## Spontaneous creation of solitons by shock cooling sodium Bose-Einstein condensates

##### Summary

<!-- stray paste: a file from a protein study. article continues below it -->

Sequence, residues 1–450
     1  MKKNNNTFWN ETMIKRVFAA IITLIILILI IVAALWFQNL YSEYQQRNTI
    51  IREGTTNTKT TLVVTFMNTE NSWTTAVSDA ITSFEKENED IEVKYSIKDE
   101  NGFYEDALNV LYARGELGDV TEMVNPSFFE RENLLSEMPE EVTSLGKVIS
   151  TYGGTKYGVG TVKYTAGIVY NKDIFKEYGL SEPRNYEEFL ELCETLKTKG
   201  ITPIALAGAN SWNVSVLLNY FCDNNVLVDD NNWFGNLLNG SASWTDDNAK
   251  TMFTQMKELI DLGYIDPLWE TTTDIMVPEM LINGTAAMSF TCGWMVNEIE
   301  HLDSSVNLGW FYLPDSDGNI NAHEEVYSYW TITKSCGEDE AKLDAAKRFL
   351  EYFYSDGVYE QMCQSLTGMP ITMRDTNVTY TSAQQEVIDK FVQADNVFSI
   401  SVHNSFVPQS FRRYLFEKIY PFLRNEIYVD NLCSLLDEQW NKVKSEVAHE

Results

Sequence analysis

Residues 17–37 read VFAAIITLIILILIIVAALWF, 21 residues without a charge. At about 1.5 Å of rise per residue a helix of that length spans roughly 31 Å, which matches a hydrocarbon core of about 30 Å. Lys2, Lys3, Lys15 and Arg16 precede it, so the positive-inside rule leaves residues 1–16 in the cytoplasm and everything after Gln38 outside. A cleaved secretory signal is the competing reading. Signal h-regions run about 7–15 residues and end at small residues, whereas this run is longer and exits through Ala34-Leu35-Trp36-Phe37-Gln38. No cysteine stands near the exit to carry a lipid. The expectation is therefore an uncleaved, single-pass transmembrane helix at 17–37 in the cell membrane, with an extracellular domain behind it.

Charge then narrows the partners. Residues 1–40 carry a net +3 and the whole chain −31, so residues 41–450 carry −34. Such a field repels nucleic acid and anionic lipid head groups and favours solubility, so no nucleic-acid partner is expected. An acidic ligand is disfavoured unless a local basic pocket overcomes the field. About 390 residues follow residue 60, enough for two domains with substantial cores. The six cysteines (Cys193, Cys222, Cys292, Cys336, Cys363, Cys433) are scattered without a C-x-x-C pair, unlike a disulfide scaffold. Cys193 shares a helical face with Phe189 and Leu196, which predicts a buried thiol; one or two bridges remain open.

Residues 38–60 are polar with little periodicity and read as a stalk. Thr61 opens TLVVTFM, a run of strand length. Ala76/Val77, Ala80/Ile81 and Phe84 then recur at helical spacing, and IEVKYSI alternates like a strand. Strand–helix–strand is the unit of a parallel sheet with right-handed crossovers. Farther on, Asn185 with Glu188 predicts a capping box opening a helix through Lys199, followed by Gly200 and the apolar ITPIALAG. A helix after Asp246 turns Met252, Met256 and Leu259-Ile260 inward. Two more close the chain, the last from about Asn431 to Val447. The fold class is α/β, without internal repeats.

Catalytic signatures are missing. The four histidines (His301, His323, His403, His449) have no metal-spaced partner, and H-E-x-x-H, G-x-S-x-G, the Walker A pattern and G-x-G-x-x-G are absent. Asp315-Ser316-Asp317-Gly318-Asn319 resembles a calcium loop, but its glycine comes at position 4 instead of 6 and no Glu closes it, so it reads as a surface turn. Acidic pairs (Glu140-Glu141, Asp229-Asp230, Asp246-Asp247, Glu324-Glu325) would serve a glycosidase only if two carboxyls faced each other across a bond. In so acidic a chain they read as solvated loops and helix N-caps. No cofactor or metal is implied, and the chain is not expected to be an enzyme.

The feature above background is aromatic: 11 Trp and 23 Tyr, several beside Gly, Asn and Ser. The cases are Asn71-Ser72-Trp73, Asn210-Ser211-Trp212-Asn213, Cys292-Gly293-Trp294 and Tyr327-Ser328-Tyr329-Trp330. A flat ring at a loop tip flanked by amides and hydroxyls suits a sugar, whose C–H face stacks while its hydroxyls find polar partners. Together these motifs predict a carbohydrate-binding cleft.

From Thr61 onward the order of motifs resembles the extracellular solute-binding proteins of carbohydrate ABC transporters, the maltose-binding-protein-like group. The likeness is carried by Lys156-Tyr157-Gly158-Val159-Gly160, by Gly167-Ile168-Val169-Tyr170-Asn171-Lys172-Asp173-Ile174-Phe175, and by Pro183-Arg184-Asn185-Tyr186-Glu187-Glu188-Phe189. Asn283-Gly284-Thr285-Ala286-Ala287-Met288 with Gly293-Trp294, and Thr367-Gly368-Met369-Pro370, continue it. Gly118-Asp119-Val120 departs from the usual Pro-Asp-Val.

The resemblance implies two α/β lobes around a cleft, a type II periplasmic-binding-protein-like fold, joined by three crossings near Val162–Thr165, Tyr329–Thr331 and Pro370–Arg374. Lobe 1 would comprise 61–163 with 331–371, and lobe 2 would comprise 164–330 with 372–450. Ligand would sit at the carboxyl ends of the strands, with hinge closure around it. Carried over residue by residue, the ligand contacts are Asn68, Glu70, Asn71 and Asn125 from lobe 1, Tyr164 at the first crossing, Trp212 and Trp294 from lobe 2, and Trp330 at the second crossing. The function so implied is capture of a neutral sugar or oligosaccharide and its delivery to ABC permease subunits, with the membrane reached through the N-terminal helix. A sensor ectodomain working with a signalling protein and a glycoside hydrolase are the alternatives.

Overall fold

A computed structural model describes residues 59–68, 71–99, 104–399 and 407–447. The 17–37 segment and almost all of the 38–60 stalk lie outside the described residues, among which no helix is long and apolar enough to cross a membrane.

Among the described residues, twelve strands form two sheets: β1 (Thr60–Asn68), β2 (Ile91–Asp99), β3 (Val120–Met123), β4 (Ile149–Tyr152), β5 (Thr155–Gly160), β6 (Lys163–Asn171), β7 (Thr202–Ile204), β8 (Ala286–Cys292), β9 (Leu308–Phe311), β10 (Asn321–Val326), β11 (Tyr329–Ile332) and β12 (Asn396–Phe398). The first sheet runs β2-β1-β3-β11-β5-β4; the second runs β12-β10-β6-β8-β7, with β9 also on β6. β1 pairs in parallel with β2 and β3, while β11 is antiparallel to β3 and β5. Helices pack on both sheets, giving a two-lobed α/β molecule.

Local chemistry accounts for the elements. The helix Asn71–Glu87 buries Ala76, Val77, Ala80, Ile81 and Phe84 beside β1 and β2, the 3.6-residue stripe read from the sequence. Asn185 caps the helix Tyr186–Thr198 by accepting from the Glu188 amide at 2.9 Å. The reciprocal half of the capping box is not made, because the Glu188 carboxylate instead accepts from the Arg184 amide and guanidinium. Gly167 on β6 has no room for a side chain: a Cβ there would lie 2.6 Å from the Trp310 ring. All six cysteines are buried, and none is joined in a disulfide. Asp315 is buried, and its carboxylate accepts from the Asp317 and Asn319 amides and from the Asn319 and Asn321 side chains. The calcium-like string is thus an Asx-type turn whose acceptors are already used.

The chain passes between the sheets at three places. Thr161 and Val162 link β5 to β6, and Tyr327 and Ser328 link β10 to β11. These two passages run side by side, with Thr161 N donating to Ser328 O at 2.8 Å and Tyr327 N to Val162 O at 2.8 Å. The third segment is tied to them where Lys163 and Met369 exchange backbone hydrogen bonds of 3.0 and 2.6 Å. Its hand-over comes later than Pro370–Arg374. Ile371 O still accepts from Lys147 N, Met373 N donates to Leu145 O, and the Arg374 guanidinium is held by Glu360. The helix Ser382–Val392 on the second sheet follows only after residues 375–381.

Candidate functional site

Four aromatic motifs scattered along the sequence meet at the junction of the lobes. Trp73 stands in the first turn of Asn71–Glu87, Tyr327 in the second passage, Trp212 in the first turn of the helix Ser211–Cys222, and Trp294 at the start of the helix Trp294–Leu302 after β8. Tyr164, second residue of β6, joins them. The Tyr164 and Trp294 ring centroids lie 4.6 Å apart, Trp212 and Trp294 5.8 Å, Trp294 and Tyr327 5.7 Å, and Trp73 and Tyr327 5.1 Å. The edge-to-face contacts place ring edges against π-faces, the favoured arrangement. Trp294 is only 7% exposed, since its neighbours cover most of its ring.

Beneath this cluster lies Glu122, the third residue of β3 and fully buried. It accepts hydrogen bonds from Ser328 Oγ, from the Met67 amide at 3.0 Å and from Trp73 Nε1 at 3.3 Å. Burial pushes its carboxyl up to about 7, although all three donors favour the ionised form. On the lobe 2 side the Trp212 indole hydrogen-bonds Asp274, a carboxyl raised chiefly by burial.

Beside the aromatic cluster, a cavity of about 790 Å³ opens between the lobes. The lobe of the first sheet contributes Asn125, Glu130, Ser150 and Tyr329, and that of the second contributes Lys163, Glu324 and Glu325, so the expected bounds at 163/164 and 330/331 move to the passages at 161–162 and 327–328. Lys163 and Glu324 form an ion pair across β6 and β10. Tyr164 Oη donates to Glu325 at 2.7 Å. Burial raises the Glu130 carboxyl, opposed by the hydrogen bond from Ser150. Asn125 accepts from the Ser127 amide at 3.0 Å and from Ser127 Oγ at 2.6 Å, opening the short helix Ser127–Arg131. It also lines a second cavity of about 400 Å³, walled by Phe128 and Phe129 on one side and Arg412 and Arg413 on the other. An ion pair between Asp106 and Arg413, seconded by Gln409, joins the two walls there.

We study the formation of defects in a Bose-Einstein condensate as is described by the Kibble-Zurek mechanism. The mechanism describes the formation of defects when a second order phase transition is crossed at a finite rate. This is done by shock cooling or quenching the last part of the evaporative cooling process where the transition into the condensed state is made. This allows for the study of the amount of solitons formed as a function of the quench time with the ultimate goal of determining the critical exponents of the phase transition. The amount of solitons is predicted by the Kibble-Zurek mechanism to scale as the quench time to the power alpha, which we attempted to measure. The dynamics of solitons are also studied in order to determine the time scale on which they decay. This turns out to be in the order of 0.29 seconds, and thus an important factor, since we consider quench times in the order of seconds. When correcting for the decay on this timescale, it turns out that alpha is extremely sensitive to variations in the decay time and therefore we were not able to give conclusive evidence on a value for the exponent. Instead we estimate the value of alpha to be between 0.5 and 2, based on our measurements.